• 17. 4. CAUSES OF PANCREATIC CANCER 5 Major causes: Pancreatic cancer
  • 18. 5. SIGNS AND SYMPTOMS Fig. No.4 Upper abdominal pain that may extend to middle or upper back. Fig.No.5 Weight loss due to malignant cancer cells tendency to deprive healthy cells of nutrients. Fig.No.6 Jaundice leads to yellowing of skin and eyes. Fig.No.7 Nausea and vomiting can occur during later stages, if a pancreatic tumor has grown sufficiently larger Fig. No. 8 Due to Zollinger Ellison syndrome stomach ulcers can also happen.
  • 19. 6. DIAGNOSIS Following methods are used for diagnosis of pancreatic cancer: 1.Ultrasound of the abdomen. 2.Endoscopic Ultrasonography (EUS). 3.Endoscopic Retrograde Cholangiopancreatography (ERCP). 4.Computed Tomography (CT). 5.Carbon nanotubes.
  • 20. 7. MANAGEMENT OF PANCREATIC CANCER A number of approaches can be made for the management of pancreatic cancer which are as follows: 1.Surgery Whipple procedure for pancreatic cancer surgery.
  • 21. 2. Radiation Therapy  Radiation therapy ( radiotherapy, x-ray therapy, or irradiation) is the use of a beam of energy (called ionizing radiation) to kill cancer cells and shrink tumors.  Radiation therapy injures or destroys cells in the area being treated (the “target tissue”) by damaging their genetic material (DNA), making it impossible for these cells to continue to grow and divide.  Major side effect is radiation damages both cancer cells and normal cells, most normal cells can recover from the effects of radiation and function properly.  The goal of radiation therapy is to damage as many cancer cells as possible, while limiting harm to nearby healthy tissue.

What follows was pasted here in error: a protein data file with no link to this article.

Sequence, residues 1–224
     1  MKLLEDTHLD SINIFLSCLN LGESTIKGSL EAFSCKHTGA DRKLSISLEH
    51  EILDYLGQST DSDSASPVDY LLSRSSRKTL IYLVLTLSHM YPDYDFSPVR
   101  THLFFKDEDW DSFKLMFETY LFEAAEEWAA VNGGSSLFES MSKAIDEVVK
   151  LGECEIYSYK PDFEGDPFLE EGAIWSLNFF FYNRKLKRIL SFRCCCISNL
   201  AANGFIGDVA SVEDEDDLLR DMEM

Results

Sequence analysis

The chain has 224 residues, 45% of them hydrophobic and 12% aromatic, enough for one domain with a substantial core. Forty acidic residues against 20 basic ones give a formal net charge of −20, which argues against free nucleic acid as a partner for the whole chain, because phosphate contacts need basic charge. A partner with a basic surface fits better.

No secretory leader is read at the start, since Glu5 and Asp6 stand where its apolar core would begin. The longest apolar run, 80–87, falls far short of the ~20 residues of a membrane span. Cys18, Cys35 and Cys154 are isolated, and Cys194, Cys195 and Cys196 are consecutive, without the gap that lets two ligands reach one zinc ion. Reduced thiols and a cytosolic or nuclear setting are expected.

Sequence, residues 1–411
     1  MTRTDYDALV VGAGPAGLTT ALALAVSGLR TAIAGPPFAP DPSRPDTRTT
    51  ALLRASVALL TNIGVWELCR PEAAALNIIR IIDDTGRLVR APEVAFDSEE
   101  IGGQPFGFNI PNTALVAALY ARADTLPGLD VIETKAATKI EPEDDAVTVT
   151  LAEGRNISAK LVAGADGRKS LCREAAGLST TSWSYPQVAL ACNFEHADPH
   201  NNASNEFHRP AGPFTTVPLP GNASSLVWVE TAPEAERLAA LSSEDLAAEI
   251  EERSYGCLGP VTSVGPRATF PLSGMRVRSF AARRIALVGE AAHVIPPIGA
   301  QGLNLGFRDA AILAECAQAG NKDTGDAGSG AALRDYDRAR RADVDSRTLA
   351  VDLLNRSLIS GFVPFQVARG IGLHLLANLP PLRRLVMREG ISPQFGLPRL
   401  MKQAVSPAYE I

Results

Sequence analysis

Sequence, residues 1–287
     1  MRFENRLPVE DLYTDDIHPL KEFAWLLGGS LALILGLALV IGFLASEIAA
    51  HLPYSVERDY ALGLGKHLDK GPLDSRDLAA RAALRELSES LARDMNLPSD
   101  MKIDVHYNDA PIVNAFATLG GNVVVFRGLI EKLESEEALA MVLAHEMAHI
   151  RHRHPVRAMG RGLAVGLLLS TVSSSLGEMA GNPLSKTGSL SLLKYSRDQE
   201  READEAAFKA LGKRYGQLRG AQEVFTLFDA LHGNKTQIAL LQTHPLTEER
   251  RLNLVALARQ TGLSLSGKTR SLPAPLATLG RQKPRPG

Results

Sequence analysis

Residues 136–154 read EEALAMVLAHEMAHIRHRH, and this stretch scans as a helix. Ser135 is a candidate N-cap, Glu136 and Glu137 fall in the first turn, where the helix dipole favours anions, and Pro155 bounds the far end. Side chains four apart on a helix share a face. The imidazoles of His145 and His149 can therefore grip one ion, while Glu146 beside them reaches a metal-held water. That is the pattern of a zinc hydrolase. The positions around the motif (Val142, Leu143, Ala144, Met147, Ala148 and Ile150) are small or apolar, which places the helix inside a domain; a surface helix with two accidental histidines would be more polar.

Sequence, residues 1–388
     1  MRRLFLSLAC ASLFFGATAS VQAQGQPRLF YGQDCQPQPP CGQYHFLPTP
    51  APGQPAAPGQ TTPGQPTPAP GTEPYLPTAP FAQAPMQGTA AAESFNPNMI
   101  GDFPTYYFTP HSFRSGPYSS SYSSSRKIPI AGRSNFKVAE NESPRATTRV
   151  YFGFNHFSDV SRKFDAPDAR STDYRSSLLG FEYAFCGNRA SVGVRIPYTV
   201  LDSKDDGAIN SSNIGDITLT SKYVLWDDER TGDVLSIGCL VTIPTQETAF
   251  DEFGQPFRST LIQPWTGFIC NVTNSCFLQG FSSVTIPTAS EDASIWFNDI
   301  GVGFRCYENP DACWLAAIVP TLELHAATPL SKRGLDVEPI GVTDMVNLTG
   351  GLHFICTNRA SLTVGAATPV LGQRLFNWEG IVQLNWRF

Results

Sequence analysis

• 22. 3. Chemotherapy 1. Chemotherapy For exocrine pancreatic cancer Drugs Gemcitabine, 5Floro uracil. 2. Target therapy in exocrine Erlotinib, Erlotinib+Gem. 3. For endocrine pancreatic cancer Doxorubicin, Streptozocin 4. Target therapy for endocrine Sunitinib , Everolimus 5. Other drugs for neuroendocrine Octreotide,Paseriotide 6. For Zollinger Ellison Syndrome Proton Pump Inhibitors 7. For Insulinomas( before surgery) Diazoxide
  • 23. Gemcitabine: A boon for pancreatic cancer Gemcitabine mechanism
  • 24. 7.1 Recent approaches in management of pancreatic cancer: Gene Therapy • Introduction of functional genetic material into target cells to replace or supplement defective genes or modify target cells. Oncogenes Inactivation • Mutations in KRAS are found in more than 90% of patient . Its inactivation using suitable vectors is a novel approach. Immune enhancement • Autologous natural killer (NK) cell and activated T lymphocyte based immunotherapy termed as autologous immune enhancement therapy. Enzyme therapy • Enzymes which are generally given in this therapy are lipase, protease and amylase.
  • 25. 8. CONCLUSION  Pancreatic cancer i.e. mainly adenocarcinoma is the major cause of death associated with pancreatic cancer. Apart from familial disorders the minor risk factors also cannot be ignored as smoking causes 40% of pancreatic cancer.  Due to its poor prognosis mortality rate with pancreatic cancer is high so the newly developed cheaper and sensitive diagnostic could create a breakthrough in determining pancreatic cancer.  Gemcitabine has proved a boon to pancreatic cancer patient Apart from chemotherapy, gene therapy, oncogens inactivation and enzyme therapy can be helpful to patients.  With advances in screening, diagnosis, and treatment, the death rate for pancreatic cancer has declined. Research is ongoing to develop even more effective screening and treatment programs.